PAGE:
Escherichia coli o157 pennington h 2010 the lancet 376 9750 1428 1435
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Escherichia coli O157 Pennington H. (2010) The Lancet 376 (9750): 1428-1435. Dr. Claudio Scotti. GI tract infections in the UK. Campylobacter Rotavirus Salmonella Norovirus Cryptosporidium Giardia Shigella Escherichia coli O157. Escherichia coli.

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Escherichia coli O157 Pennington H. (2010) The Lancet 376 (9750): 1428-1435

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Escherichia coli o157 pennington h 2010 the lancet 376 9750 1428 1435

Escherichia coli O157Pennington H. (2010) The Lancet 376 (9750): 1428-1435

Dr. Claudio Scotti


Escherichia coli o157 pennington h 2010 the lancet 376 9750 1428 1435

GI tract infections in the UK

Campylobacter

Rotavirus

Salmonella

Norovirus

Cryptosporidium

Giardia

Shigella

Escherichia coli O157


Escherichia coli

Escherichia coli

  • Six different groups of pathogenic E. coli:

    - EPEC: enteropathogenic

    - ETEC: enterotoxigenic

    - EHEC: enterohaemorrhagic (VTEC)

    - EIEC: enteroinvasive

    - EAEC: enteroaggregative

    - DAEC: diffuse-aggregative


Escherichia coli o157 pennington h 2010 the lancet 376 9750 1428 1435

E. coli O157 in England & Wales


Typical features

Typical features

  • Abdominal pain

  • Five or more bowel movements in the day before presentation

  • Non-bloody diarrhoea, becoming bloody after 1-4 days

  • No fever

  • 10-15% of patients develop haemolytic uraemic syndrome (HUS) 5-13 days after the onset of diarrhoea


Haemolytic uraemic syndrome

Haemolytic uraemic syndrome

  • Acute onset of renal impairment with oliguria or anuria and high concentrations of serum urea and creatinine

  • Platelet counts less than 15x109 cells/L

  • Microangiopathic haemolytic anaemia with haemoglobin <10 g/dL and with fragmented red cells in a peripheral blood smear


The first oubreak

The first oubreak

  • 1982, in Oregon and Michigan, USA

  • Bloody diarrhoea and severe abdominal cramps after eating hamburgers in a restaurant chain

  • First outbreak in the UK: 1983


The largest outbreak

The largest outbreak

  • Sakai City, Japan, in 1996

  • Associated with white radish sprouts served as school meals

  • 7,966 cases

  • 2,764 microbiologically confirmed

  • 106 with haemolytic uraemic syndrome (HUS)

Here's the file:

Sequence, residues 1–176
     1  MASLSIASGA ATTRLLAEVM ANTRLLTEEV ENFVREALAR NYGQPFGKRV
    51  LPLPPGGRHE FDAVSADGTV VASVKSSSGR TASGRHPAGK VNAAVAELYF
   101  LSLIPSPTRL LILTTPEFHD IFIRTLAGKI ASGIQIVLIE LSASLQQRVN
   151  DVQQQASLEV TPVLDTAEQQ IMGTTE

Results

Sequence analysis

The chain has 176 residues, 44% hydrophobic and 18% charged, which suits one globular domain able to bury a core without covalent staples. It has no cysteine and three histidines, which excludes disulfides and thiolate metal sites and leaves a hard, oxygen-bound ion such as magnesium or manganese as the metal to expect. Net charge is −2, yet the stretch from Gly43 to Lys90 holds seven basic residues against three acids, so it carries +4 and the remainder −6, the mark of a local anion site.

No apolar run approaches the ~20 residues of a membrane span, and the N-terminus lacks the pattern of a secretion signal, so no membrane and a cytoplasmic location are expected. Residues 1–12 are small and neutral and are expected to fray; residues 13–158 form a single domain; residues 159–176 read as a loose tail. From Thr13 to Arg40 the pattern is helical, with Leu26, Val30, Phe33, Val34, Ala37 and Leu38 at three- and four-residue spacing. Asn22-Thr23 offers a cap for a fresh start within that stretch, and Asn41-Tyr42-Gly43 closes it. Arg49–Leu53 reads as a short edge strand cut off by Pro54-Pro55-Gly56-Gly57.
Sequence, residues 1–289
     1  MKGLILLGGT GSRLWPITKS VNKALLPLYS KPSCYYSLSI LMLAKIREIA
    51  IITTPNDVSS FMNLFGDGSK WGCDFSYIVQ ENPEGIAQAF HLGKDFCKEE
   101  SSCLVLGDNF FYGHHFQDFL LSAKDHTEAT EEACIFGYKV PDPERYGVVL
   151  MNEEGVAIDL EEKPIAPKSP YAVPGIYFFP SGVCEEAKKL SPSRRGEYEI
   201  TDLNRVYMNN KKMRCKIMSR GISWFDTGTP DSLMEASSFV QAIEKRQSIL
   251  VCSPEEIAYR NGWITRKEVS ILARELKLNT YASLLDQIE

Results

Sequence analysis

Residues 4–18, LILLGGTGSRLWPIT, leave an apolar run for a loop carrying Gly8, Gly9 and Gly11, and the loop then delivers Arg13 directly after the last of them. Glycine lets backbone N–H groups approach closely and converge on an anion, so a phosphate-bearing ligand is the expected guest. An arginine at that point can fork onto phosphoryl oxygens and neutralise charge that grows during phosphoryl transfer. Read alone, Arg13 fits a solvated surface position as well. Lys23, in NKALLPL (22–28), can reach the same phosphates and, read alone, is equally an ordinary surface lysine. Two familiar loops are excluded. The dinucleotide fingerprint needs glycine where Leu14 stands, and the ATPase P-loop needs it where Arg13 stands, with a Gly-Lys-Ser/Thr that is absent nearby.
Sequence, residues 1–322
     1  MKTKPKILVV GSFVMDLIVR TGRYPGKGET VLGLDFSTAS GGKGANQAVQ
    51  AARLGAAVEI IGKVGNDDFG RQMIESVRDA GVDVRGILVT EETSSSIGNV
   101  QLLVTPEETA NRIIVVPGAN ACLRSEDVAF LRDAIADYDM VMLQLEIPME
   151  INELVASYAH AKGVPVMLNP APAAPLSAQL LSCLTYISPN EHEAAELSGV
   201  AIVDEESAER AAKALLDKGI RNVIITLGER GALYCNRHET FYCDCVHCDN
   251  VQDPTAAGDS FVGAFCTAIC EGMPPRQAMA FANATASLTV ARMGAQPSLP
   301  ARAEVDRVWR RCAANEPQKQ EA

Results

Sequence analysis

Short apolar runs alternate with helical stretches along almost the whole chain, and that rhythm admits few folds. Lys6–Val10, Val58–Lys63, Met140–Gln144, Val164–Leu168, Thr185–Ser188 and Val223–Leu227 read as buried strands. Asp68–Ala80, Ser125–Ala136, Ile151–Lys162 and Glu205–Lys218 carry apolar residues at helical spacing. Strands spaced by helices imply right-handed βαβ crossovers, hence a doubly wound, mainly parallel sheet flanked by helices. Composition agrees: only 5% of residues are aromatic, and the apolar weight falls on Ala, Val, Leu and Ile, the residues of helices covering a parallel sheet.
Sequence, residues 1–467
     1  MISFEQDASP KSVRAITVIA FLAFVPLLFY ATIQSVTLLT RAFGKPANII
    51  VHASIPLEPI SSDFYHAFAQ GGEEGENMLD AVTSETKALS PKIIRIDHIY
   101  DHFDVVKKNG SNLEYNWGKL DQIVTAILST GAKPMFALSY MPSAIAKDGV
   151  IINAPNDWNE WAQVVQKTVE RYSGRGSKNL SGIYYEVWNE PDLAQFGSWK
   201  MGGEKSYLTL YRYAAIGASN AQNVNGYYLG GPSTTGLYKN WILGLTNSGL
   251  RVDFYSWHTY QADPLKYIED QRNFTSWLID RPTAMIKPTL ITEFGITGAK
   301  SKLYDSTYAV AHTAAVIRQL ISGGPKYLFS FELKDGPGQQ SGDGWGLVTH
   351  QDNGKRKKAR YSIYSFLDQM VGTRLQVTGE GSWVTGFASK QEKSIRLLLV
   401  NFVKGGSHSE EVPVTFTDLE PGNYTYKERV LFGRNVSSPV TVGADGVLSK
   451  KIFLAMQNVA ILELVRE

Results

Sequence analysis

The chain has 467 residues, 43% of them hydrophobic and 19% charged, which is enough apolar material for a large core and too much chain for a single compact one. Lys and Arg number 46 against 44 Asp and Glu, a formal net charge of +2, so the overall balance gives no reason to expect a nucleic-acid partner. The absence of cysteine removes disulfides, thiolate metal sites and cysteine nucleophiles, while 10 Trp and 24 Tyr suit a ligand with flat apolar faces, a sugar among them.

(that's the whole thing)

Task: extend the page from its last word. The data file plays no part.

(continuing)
The source of e coli o157

The source of E. coli O157

  • Ruminants, particularly cattle (prevalence between 0.2 and 48.8%) and sheep

  • 80% of transmission arise from the 20% of animals that are most infectious (supershedders)

  • Secondary spread (20% of outbreak cases)


Transmission of e coli o157

Transmission of E. coli O157


Transmission of e coli o1571

Transmission of E. coli O157


Transmission of e coli o1572

Transmission of E. coli O157

  • Quantitative microbial risk assessment showed that the risk is 100 times greater for visits to pastures than for consumption of burgers in the northeast of Scotland

  • Heavy rain is frequently associated with outbreaks (e.g. Glastonbury festival in 1997)


Isolation rates uk 1984 2008

Isolation rates, UK 1984-2008


Incidence of infection

Incidence of infection

  • Per 100,000:

    • 4.7 in Scotland

    • 4 in Canada

    • 2.87 in Ireland

    • 2.74 in Japan

    • 2.1 in England and Wales

    • 1.3 in the USA

    • 0.43 in Germany

    • 0.08 in France


Disease caused by e coli o157

Disease caused by E. coli O157

  • 1996, in central Scotland, associated with meat from a butcher: 279 individuals, 17 people died from the direct effects of infection

  • Irish outbreak, water-borne spread: 18 individuals, 2 children with HUS

  • 2010 English outbreak on an open farm: 17 developed HUS (8 of them receiving dialysis)


Typical features1

Typical features

  • HUS is most common in children younger than 5 years

  • In England and Scotland, between 1997 and 2001, 226 (65%) of the 350 cases occurred in this age group

  • Once an infection has been established, no therapeutic interventions are available to lessen the risk of the development of the HUS


Outcomes of hus

Outcomes of HUS


Extrarenal effects

Extrarenal effects

  • Increase in pancreatic enzymes and oedema

  • Necrosis of the colon wall

  • Myocardial damage

  • CNS damage (25% of cases), with seizures, paralysis, coma

  • Deaths are usually associated with severe extra-renal complications


Virulence factors

Virulence factors

  • Two different Shiga toxins (Stx1, Stx2)

  • Correlation with bloody diarrhoea and HUS

  • Shiga toxin binds to glycosphingolipidglobotriaosylceramide (Gb3), a cell surface receptor

  • In the human kidney, Gb3 is present on glomerular endothelial cell types and various tubular epithelial cell types


Virulence factors1

Virulence factors

  • Enterocyte effacement genes: mediate the intimate attachment of bacteria to the intestinal epithelium

  • Several plasmid-encoded genes promoting adherence

  • Upregulation of flagellar and chemotaxis genes


Prevention failure points

Prevention (failure points)

  • Failure during or after milk pasteurisation

  • Rare and light cooking of hamburger patties

  • Failure in municipal water chlorination

  • Failure to prevent cross-contamination or ready-to-eat foods by direct or indirect contact with raw meat

  • Handwashing


Conclusion

Conclusion

  • Ground beef outbreaks still occur in the USA but are now associated with home-made burgers

  • A vaccine that shows promise has been developed

  • Investigation of “supershedders” (> reduction of ruminant carriage)


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